Consumer Demand

  • The volume of shoes in the market in the United States in 2017, 2018, and 2019 is 2.550 billion, 2.582 billion, and 2.613 billion pairs, respectively.
  • Furthermore, the expected volume of shoes in the U.S. market in 2021, 2022, and 2023 is 2.675 billion, 2.706 billion, and 2.738 billion pairs, respectively.
  • More than half (52%) of shoppers intended to spend less money on shoes in 2019, while 14% wanted to spend more.
  • Roughly 16% of American consumers state that they purchased their footwear on Amazon.
  • Out of those that shop online for shoes, 21% claim that they find better prices online, 18% liked to observe the inventory variety available, and 12% say that it is convenient.
  • Regarding their purchasing decisions for new shoes, 37% of Americans buy them to replace an older pair, and 30% of them are influenced by the price of footwear.
  • A brand's social mission is important to many consumers, as a 2018 survey revealed that 27% of participants purchased a pair of shoes from a brand because of it, which is significantly higher for Millennials (40%).
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Outdoor Products Industry Overview

The U.S. outdoor products market is growing at a modest 3.1% CAGR, but is expected to reach $20.9 billion in 2024. Car racks, coolers, activity trackers, electrolyte powder, bags, and solar power providers are products that are growing in the outdoor segment. More people are participating in outdoor activities, which is driving the market growth. Some new entrants or disruptors in the industry include Cotopaxi, OLovesM, and Big Agnes, among others.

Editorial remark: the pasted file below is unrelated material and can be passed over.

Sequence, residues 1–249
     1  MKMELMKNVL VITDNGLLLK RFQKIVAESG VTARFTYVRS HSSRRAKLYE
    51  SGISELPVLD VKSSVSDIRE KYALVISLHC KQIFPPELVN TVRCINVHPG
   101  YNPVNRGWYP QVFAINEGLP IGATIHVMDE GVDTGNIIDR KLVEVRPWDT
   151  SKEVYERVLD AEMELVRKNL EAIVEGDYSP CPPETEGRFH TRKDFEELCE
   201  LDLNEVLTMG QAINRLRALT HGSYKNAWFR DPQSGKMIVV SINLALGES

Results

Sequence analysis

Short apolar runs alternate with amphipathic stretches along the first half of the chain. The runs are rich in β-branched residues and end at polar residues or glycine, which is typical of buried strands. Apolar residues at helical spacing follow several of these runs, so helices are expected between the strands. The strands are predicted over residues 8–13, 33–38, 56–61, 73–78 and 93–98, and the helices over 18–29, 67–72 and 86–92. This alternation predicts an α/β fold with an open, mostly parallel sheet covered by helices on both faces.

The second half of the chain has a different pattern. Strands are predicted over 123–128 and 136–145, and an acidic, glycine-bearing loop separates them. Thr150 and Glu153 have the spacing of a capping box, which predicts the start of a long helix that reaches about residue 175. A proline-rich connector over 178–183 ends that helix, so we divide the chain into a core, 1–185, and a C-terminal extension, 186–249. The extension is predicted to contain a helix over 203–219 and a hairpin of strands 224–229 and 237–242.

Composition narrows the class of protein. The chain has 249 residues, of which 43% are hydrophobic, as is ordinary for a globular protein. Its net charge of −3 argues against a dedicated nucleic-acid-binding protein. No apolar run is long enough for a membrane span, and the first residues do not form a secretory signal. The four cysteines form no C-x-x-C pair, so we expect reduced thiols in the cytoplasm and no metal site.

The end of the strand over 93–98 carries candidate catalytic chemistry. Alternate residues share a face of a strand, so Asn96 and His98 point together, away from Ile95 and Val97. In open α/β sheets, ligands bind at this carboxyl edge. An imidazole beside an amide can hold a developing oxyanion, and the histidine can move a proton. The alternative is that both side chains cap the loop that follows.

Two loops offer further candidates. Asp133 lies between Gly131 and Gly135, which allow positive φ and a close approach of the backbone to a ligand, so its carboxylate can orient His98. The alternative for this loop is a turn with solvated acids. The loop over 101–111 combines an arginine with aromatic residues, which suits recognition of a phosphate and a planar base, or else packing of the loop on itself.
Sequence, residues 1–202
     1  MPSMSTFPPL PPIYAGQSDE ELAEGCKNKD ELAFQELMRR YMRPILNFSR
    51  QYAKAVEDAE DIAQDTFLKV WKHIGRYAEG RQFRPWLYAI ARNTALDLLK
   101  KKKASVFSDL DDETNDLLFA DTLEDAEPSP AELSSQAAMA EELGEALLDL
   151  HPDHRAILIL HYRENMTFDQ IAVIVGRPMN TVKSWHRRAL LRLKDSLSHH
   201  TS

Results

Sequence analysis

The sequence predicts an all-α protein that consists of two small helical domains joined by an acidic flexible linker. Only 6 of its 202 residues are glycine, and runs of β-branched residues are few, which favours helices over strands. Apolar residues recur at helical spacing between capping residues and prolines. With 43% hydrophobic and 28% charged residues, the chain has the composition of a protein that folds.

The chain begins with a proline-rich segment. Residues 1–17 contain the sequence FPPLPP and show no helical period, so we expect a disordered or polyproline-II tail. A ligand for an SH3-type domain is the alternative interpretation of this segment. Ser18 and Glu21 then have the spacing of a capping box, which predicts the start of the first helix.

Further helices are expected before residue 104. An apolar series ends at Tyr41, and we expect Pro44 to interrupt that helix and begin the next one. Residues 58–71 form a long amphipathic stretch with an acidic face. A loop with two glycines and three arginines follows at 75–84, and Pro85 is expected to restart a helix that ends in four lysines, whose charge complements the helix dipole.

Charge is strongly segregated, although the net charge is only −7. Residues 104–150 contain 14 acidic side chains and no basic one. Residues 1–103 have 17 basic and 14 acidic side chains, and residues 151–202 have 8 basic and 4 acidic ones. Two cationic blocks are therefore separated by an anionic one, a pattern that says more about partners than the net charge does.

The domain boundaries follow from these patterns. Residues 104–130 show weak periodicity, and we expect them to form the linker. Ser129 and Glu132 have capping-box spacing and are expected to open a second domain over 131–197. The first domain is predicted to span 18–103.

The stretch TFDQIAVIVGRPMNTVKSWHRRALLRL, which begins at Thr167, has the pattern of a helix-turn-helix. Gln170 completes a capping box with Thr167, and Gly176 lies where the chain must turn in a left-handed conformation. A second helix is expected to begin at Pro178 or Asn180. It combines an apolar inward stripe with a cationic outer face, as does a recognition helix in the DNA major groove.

Market Outlook

  • In 2020, the sports and outdoor market segment is expected to reach $18.5 billion in the U.S.
  • Over the next four years, this segment is expected to grow at a CAGR of 3.1% to reach $20.9 billion in 2024.
  • Currently, user penetration for the sports and outdoor market in the U.S. is at 19.8% and is expected to grow to 26.3% by 2024.

Top Selling Products

  • In 2018, the top selling outdoor gear products were Thule car racks, YETI coolers, and wrist instruments like GPS and fitness trackers.
  • In units sold, GU Stroopwafel was first, followed by Skratch labs electrolyte powder, YETI replaceable tumbler top, Hydro Flask replaceable screw top, and GU chews.
  • One reason for the rise in sales of YETI coolers and Hyrdro Flasks is the sustainability movement, as "one in three buyers rate sustainability as extremely important in their purchasing decisions."